“I thought there’d be booze. Shouldn’t there be booze?
“It’s not the real Valhalla, mother. I mean, we didn’t even have to cross the Bifröst or anything.”
“Climbing this monster of a hill doesn’t count?”
“Is there a manager I can talk to?”
“Regarding what? The unconscionable lack of feasting and mead and general mayhem, or that hauling ourselves up here doesn’t warrant the former?”
“I think I could manage a little mayhem,” elder Valkyrie interjects mildly. Kind soul, she can’t bear to see mother moping.
“You two go on wreaking and havocing. I’m going to check out this view!”
“Oh, alright then. I didn’t bring my horse and shield anyways.”
Not the real one, as established above, but still a pretty neat little place high above the Danube River, just a hop and a skip from ancient Regensburg. A neo-classical hall of fame for Germans and sort-of-Germans, built between 1830 and 1842 because king Ludwig, First of His Name (no, not the guy with the Disney castles), thought it would be more fun than getting involved in another stupid war to reap glory. Can’t fault the old boy there.
The place is accessible by boat or road – you can book a little roundtrip cruise right in downtown Regensburg, and enjoy floating down the mighty river while the white marble framed by lush shades of green grows larger and larger in your view … until you realize a lot of this marble represents stairs. Mother Valkyrie and her Shieldmaidens learned a lot of interesting new German epithets that day.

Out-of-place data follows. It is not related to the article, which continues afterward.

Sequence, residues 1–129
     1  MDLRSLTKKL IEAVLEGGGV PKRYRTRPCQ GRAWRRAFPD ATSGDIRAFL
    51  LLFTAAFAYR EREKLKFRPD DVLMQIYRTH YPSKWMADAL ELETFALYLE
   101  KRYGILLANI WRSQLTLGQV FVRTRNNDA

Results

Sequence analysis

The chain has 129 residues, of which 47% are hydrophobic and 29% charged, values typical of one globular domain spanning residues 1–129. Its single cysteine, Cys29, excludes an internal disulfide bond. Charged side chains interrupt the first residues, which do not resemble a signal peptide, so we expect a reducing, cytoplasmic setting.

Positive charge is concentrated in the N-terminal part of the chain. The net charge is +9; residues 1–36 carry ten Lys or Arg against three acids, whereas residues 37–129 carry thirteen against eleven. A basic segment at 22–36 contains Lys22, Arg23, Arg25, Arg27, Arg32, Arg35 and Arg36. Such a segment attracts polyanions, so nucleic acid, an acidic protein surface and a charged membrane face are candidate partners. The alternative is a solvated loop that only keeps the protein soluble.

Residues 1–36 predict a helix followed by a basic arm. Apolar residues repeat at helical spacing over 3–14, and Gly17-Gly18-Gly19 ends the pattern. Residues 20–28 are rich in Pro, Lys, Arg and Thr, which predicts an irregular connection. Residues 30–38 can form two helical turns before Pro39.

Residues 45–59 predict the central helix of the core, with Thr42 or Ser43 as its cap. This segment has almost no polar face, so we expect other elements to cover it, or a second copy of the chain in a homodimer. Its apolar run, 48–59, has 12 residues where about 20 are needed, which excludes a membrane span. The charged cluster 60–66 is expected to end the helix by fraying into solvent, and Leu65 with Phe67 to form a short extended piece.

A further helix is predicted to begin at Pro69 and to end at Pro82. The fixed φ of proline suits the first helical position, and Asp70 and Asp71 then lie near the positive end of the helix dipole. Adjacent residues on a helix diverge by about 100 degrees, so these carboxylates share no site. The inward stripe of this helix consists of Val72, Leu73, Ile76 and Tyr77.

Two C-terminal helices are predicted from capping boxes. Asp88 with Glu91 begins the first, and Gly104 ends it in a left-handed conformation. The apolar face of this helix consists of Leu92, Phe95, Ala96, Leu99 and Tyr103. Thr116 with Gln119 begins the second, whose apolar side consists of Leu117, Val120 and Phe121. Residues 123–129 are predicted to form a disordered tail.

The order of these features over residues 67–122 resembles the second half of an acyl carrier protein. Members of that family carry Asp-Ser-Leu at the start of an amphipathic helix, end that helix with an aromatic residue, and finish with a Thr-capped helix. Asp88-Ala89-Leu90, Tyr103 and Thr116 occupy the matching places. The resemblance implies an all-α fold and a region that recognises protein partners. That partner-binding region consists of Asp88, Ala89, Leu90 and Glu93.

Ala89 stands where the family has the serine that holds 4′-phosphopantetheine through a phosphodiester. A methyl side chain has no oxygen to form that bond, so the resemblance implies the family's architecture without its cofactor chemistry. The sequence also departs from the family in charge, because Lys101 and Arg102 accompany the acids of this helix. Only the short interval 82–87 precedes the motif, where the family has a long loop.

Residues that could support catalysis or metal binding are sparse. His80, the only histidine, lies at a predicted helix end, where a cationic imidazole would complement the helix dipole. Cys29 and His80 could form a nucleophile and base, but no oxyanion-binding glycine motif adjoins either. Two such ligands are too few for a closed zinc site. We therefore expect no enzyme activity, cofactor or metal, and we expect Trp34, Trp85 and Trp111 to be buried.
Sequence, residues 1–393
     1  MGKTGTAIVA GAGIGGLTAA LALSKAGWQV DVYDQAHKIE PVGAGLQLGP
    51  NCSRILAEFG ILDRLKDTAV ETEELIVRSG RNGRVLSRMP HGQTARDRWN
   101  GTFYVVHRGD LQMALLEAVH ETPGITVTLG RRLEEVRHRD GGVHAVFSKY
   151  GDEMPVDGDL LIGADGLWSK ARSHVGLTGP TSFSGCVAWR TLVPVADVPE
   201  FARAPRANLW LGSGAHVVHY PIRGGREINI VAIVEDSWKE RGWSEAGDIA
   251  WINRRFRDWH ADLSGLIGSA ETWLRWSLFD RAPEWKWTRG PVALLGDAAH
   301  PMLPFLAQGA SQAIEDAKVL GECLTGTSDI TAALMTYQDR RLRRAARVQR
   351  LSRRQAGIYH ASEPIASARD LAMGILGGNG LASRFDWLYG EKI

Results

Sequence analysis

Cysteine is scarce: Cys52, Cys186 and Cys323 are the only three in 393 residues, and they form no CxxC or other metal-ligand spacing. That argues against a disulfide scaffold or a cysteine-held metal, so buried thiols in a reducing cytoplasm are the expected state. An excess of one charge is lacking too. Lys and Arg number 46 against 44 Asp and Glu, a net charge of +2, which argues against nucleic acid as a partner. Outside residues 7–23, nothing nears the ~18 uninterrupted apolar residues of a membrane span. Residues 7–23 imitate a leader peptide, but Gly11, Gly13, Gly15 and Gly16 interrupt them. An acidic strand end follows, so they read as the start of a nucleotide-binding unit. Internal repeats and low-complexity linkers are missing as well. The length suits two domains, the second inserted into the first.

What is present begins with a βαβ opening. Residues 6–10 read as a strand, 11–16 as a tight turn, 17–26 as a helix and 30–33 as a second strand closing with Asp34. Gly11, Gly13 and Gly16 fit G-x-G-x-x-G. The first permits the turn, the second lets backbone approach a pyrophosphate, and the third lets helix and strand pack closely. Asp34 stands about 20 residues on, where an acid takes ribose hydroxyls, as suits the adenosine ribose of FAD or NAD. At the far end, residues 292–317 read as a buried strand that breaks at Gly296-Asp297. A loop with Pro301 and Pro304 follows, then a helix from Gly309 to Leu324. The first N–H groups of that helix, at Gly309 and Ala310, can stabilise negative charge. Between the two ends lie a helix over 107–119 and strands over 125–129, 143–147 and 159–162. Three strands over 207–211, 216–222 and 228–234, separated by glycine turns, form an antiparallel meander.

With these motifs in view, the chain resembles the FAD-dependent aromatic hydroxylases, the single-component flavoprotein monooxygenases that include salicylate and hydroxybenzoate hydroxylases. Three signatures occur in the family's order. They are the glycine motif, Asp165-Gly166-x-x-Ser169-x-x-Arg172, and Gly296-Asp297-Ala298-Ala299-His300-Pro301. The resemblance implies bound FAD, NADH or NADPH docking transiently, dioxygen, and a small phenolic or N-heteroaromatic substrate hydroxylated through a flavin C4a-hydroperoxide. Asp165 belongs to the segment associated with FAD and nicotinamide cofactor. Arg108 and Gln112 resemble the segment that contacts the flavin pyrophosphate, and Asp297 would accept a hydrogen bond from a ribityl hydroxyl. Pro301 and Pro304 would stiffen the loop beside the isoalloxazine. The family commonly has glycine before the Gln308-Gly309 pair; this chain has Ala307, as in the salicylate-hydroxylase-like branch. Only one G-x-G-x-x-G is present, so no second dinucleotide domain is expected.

Slightly less harrowing, though requiring the skill to navigate roads where two donkeys can scarcely pass (and a good GPS system!), is the approach from the rear. Skirting the beautiful town of Donaustauf and its medieval charm, one gets lost once or twice and eventually enters a dense forest. There one climbs a winding, narrow road until a friendly German in an orange vest appears out of nowhere and directs one to a fine spot in the shade of a giant oak. How those buses ever manage it up there in one piece remains a mystery.
At least the gravel parking lot is halfway up the hill, and any climbing that remains to be done is over shady forest paths. Unpaved paths, as a vexed fellow tourist in heels had to find out.
The view alone is worth the hike, as youngest Valkyrie so succinctly pointed out. Off to the west there was Regensburg basking in the spring sunlight, the towers of the famous cathedral barely visible in the distance. Villages scattered between fields south of the river, and dense forest to the east. A few sailboats were trying to catch a breeze on the big blue ribbon cutting through all that green.
Having strolled around the premises and looked their fill, the Valkyries decided to enter through the hallowed gates.
“Definitely no carousing and throwing of axes.”
“I think that’s why they have beer gardens. For the carousing at least.”
“Is that a not so subtle hint, mother?”
“I wish. Driving and Bavarian beer do not mix so well. Oh look, Mozart!”